The FIAT M13/40
A medium tank produced by Italy during the second world war
What does the name mean?
The M stands for Medio which means medium in Italian. The 13 means the tank weight in tonnes, in this case 13 tons. The 40 stands for the year of introduction, in this case it was introduced in 1940.
The M13/40 was an evolution of the M11/39 tank which was subsequently a tank designed for mountain combat considering its weight and specifications. When the M11/39 was considered ill suited for tank on tank fighting the Italian Army wanted an up gunned tank, which was presented as the M13/40. The M13/40 like the M11/39 before it was much the same but made larger to accommodate a new turret and gun. It was still a poor tank that was only able to compete with obsolete UK Cruiser tanks and the American M3 Stuart.
How do we know this is the M13/40?
The gun is the best give away. The gun shield can be easily matched to a M13/40 turret with it’s 47/32 gun (47 stands for Calibre while 32 was the barrel length aka L/32) The riveting seen on the rifle was common in Italian armour composition as the Italian industry lacked the capacity to make welded tank hulls. The slots beside the gun barrel were there for the 8mm Breda Coaxial MG and the gunner periscope.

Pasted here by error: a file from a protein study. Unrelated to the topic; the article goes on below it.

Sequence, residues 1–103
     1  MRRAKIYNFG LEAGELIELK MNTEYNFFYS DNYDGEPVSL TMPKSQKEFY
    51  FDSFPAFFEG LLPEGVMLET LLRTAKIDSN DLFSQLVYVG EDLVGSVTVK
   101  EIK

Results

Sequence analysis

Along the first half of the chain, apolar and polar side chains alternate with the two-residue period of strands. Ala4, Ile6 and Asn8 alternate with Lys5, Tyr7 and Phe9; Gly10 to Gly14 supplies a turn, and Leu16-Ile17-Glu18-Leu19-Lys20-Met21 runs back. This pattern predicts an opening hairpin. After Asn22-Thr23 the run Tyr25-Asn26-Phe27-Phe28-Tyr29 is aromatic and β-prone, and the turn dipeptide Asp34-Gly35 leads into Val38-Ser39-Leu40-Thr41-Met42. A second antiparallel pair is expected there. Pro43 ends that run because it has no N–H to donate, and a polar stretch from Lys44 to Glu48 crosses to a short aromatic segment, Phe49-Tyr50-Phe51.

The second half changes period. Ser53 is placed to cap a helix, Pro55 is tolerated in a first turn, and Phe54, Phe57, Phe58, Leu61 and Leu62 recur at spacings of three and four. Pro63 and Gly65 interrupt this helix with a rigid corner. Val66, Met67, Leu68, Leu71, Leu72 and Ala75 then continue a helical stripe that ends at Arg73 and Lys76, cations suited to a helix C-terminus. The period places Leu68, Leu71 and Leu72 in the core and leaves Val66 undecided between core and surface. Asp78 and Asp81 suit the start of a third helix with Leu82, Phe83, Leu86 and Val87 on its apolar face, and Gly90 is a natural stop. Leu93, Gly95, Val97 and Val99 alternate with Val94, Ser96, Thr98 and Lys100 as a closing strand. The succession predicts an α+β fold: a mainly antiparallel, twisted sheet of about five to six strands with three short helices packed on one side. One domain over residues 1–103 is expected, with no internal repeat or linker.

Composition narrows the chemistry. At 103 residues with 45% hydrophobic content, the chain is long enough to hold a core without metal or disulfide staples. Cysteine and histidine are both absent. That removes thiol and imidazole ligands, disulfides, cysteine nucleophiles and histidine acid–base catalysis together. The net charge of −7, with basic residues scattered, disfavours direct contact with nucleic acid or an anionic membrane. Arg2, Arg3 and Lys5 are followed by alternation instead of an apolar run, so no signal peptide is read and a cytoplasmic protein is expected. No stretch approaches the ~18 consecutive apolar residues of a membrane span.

The Striker Unit might seem devoid of obvious features but they are there. First off the single tone paint job matches the same single tone sand coloured pain used by the Italian in Africa. The unit insignia on her right leg (pictures left) is the same used as the Italians. Here this gal is the first tank of the first platoon of the first company but it is unclear to me what division she is, maybe the Ariete Armoured Division. The numbers on her other leg? That is simply Italian tank registration plate.
Her uniform seem to be a combination of an Italian tankers desert jacket and a tank officers cap in the same colour. These features keep pointing to her being Italian for sure.
Lastly the Striker unit design itself. You can see the rivets common on Italian tanks but the lower shin on her Striker. The design in their sides matches the bogie wheel & leaf spring suspension on the M13/40 and other tanks of the same evolution. Lastly the visible tracks on her striker match the same ones found on the M13/40.
After seeing these features we can say without being told that it is almost certainly a M13/40 and for definite an Italian/Romagna Striker Unit.